Addresses whether a parent may be required to sign a confidentiality agreement in order to participate in mediation under Part B of the IDEA.
July 31, 2020
This letter addresses your November 8, 2019, electronic mail (email) correspondence to Rebecca Walawender, a member of my staff in the U.S. Department of Education (Department), Office of Special Education Programs (OSEP). In that correspondence you shared your communications with an official of the Texas Education Agency (TEA) concerning whether a parent may be required to sign a confidentiality agreement in order to participate in mediation under Part B of the Individuals with Disabilities Education Act (IDEA). In your communication with TEA, a TEA official informed you that although a confidentiality pledge is not required, a school district may withdraw from the mediation process if a parent refuses to sign such an agreement. You contacted OSEP to request clarification regarding whether a public agency, in this case a local educational agency, may condition its participation in mediation on a parent’s agreement to sign a confidentiality pledge. We regret the delay in responding.
We note that section 607(d) of IDEA prohibits the Secretary from issuing policy letters or other statements that establish a rule that is required for compliance with, and eligibility under, IDEA without following the rulemaking requirements of section 553 of the Administrative Procedure Act. Therefore, based on the requirements of IDEA section 607(e), this response is provided as informal guidance and is not legally binding. This response represents an interpretation by the Department of the requirements of IDEA in the context of the specific facts presented and does not establish a policy or rule that would apply in all circumstances.
Under IDEA, discussions that occur during mediation sessions must remain confidential. 34 C.F.R. § 300.506(b)(6) and (8). Therefore, a parent’s or public agency’s participation in the mediation process may not be conditioned on the party’s agreement to sign a confidentiality pledge. IDEA and its implementing regulations require public agencies to establish and implement procedures to allow parties to resolve disputes involving any matter under IDEA and its implementing regulations, including matters arising prior to the filing of a due process complaint, through a mediation process. 20 U.S.C. 1415(e)(1) and 34 C.F.R. § 300.506(a). The public agency must ensure, among other requirements, that the mediation process is voluntary on the part of the parties. 34 C.F.R. § 300.506(b)(1)(i). Additionally, mediation may not be used to deny or delay a parent’s right to a hearing on the parent’s due process complaint, or to deny any other rights afforded under Part B of IDEA. 34 C.F.R. § 300.506(b)(1)(ii). The goal of mediation is for the parties to resolve the dispute and execute a legally binding written agreement reflecting that resolution.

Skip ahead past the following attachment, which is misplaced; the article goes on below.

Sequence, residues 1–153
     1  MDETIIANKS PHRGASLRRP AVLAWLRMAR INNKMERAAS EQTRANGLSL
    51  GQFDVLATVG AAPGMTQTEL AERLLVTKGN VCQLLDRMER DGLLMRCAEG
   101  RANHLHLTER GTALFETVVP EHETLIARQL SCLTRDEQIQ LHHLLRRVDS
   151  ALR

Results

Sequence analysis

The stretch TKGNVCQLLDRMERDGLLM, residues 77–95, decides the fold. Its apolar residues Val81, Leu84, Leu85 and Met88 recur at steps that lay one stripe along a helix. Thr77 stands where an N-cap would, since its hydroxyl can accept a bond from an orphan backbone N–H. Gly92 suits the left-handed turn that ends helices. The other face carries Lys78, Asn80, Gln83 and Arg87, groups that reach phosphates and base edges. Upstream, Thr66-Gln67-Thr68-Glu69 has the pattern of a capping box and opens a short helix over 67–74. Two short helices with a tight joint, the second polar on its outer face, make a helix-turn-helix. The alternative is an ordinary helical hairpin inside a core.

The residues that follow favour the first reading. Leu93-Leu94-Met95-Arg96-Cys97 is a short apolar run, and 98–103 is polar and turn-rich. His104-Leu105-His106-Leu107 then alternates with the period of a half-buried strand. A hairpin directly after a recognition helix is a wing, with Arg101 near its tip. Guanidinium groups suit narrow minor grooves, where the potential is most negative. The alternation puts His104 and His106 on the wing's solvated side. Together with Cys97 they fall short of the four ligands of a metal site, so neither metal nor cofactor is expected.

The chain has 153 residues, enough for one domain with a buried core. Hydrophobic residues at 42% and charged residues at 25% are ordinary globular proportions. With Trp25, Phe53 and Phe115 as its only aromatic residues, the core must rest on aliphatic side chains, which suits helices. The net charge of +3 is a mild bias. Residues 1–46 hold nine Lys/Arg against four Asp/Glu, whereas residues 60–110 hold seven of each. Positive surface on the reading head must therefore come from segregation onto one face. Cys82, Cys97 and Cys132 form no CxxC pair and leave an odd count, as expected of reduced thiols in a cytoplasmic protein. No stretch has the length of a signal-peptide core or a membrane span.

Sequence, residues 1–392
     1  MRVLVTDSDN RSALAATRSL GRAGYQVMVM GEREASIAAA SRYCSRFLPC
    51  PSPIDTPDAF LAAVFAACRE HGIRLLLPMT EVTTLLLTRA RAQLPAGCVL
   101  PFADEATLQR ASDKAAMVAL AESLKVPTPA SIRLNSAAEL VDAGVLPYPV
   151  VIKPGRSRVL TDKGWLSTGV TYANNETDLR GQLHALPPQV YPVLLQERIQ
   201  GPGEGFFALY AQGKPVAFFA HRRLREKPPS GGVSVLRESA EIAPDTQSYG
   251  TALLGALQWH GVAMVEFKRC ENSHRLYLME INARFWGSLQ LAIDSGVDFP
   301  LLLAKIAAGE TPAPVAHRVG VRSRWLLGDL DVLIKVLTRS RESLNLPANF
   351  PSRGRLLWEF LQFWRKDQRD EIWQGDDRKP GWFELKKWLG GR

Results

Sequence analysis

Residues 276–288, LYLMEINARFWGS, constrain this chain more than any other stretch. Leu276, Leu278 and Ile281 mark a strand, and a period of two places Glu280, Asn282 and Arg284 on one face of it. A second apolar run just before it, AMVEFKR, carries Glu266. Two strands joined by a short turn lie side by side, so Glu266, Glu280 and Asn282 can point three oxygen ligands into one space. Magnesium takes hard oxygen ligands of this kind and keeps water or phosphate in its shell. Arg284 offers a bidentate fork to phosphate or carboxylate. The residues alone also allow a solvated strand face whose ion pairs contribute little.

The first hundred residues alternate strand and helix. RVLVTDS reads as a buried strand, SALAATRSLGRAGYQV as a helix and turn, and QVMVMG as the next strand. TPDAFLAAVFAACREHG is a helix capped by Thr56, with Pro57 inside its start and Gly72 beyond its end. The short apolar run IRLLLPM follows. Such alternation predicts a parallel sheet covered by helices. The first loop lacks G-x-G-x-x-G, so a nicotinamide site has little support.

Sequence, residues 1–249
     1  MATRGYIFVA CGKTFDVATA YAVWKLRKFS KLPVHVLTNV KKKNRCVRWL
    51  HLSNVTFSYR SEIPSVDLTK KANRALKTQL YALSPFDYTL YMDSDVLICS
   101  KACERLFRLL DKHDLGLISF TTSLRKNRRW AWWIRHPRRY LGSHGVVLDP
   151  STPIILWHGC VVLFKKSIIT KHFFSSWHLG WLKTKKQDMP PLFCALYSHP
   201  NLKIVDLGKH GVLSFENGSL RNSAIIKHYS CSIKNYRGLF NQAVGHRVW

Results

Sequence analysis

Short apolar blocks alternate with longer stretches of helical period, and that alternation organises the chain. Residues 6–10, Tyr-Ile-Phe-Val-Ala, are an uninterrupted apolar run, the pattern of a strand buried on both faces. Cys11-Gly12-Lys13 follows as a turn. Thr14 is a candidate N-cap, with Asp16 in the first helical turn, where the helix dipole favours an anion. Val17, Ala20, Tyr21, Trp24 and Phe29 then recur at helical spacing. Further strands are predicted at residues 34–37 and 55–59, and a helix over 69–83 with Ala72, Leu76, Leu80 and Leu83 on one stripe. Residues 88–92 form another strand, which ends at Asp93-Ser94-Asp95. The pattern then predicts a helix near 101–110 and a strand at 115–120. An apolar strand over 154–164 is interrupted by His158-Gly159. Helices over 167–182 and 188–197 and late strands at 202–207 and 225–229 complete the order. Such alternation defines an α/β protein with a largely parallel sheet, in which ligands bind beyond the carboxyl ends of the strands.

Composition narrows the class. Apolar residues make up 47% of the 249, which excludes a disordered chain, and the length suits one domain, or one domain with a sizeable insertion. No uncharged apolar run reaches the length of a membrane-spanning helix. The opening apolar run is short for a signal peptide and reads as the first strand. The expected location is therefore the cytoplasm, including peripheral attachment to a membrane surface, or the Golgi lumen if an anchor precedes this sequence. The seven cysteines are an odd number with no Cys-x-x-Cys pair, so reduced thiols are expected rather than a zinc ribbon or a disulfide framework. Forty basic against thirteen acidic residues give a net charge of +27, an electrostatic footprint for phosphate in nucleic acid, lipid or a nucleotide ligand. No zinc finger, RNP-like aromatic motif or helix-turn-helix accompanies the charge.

In its July 2013 “Questions and Answers on IDEA Part B Dispute Resolution Procedures” (available at https://sites.ed.gov/idea/idea-files/osep-memo-and-qa-on-dispute-resolution/), OSEP responded to an inquiry asking whether parties to the mediation process may be required to sign a confidentiality pledge or agreement. That question and answer, which is restated below, remains the Department’s position:
Question A-26: May parties to the mediation process be required to sign a confidentiality pledge or agreement prior to, or as a precondition, to the commencement of the mediation process?